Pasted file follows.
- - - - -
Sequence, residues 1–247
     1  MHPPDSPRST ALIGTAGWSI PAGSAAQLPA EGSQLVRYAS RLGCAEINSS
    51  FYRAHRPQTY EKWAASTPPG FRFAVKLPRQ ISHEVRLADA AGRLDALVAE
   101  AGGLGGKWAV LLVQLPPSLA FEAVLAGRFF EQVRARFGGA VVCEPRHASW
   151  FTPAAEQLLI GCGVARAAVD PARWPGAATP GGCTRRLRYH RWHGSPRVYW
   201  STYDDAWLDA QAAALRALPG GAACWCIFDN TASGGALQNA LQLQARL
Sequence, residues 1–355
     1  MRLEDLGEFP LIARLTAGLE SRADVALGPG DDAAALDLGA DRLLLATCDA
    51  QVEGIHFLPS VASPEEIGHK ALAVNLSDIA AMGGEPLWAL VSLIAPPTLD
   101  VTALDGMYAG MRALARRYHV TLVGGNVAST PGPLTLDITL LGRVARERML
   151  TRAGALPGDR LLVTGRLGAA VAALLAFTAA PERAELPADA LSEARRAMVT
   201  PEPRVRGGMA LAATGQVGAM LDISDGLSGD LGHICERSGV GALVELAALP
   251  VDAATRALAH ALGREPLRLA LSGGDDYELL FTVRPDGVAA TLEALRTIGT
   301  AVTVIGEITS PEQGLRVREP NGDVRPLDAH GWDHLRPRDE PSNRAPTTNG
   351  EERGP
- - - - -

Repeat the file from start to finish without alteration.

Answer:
Sequence, residues 1–247
     1  MHPPDSPRST ALIGTAGWSI PAGSAAQLPA EGSQLVRYAS RLGCAEINSS
    51  FYRAHRPQTY EKWAASTPPG FRFAVKLPRQ ISHEVRLADA AGRLDALVAE
   101  AGGLGGKWAV LLVQLPPSLA FEAVLAGRFF EQVRARFGGA VVCEPRHASW
   151  FTPAAEQLLI GCGVARAAVD PARWPGAATP GGCTRRLRYH RWHGSPRVYW
   201  STYDDAWLDA QAAALRALPG GAACWCIFDN TASGGALQNA LQLQARL
Sequence, residues 1–355
     1  MRLEDLGEFP LIARLTAGLE SRADVALGPG DDAAALDLGA DRLLLATCDA
    51  QVEGIHFLPS VASPEEIGHK ALAVNLSDIA AMGGEPLWAL VSLIAPPTLD
   101  VTALDGMYAG MRALARRYHV TLVGGNVAST PGPLTLDITL LGRVARERML
   151  TRAGALPGDR LLVTGRLGAA VAALLAFTAA PERAELPADA LSEARRAMVT
   201  PEPRVRGGMA LAATGQVGAM LDISDGLSGD LGHICERSGV GALVELAALP
   251  VDAATRALAH ALGREPLRLA LSGGDDYELL FTVRPDGVAA TLEALRTIGT
   301  AVTVIGEITS PEQGLRVREP NGDVRPLDAH GWDHLRPRDE PSNRAPTTNG
   351  EERGP